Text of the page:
It’s been more than a year since the U.S. real estate industry first faced a threat of unknown dimensions—the challenges posed by the COVID-19 pandemic. At first blush, it seemed likely that home sales would be disrupted for a substantial period. As buyers and sellers retreated from the health dangers that seemed to be presented by traditional open houses and property showings, it seemed probable that home values might be frozen—or worse—just as commercial activity of all kinds struggled under general prohibitions ordered by Virginia and local authorities.
But those initial predictions quickly proved questionable. Already by August, NPR could confidently headline the surprising reality: “Home Sales Booming Despite Pandemic, Recession.” Now, as summer 2021 begins, it seems improbable but true: the state of affairs in real estate is just fine—at least for sellers. The volume of sales may be declining due to the lack of willing sellers, but last week’s NBCnews.com commentary could still rightly begin with “It’s a red-hot real estate market…”
For many homeowners who had fretted about a future clouded by multiple unknowns, the rise in their home’s estimated value had been more than just comforting. More than a few have been able to use the collateral buildup to lock in bargain-basement refinancing terms. Originally, one immediate worry had been whether pandemic disruptions would trigger widespread homeowner defaults, resulting in a blanket hit to property values. The opposite happened. As ATTOM Data Systems put it, the home value story was widely positive across the nation, “despite the fallout from the pandemic.” As ATTOM’s May report detailed, equity-rich properties now outnumber seriously underwater homes by a 7-to-1 ratio. Only 4.7% of mortgaged homes are considered seriously underwater—down from last year’s 6.6%!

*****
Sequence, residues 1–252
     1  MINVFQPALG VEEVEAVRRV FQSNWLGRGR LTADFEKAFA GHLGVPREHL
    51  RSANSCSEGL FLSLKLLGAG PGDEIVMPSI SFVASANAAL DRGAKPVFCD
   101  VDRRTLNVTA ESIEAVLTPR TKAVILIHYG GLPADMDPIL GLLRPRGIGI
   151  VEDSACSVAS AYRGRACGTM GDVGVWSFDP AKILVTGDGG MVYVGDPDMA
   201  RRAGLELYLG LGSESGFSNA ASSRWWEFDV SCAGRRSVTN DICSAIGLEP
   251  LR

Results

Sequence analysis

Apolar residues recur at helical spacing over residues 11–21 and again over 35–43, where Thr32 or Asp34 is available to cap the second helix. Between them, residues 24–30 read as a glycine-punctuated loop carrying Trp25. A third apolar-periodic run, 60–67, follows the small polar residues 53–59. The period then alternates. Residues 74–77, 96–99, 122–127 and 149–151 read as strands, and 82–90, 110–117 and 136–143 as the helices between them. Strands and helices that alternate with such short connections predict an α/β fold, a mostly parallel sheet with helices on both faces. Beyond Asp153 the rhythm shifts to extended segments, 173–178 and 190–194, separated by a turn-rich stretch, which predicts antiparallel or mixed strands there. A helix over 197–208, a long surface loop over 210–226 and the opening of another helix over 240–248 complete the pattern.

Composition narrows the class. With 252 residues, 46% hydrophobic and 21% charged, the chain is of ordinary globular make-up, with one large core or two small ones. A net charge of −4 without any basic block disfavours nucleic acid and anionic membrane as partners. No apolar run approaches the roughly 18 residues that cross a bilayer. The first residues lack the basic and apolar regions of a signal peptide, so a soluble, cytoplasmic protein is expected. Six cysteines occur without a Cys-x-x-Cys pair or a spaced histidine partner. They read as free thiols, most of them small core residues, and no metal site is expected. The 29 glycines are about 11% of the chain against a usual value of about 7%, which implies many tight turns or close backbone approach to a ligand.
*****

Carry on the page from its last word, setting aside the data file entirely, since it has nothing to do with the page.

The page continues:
The reasons are straightforward. With U.S. median home prices climbing 16% year over year, “price increases have widened the gap between what homeowners owe on mortgages and the value of their properties.” Meantime, seller reluctance and building material and labor shortages have deepened the supply shortfall. As buyers scramble, rather than facing default, even some property owners experiencing a pandemic-related cash crunch have found they are able to escape damage to their credit. No matter what the current climate, the value of being able to count on an experienced real estate professional can be a real difference-maker.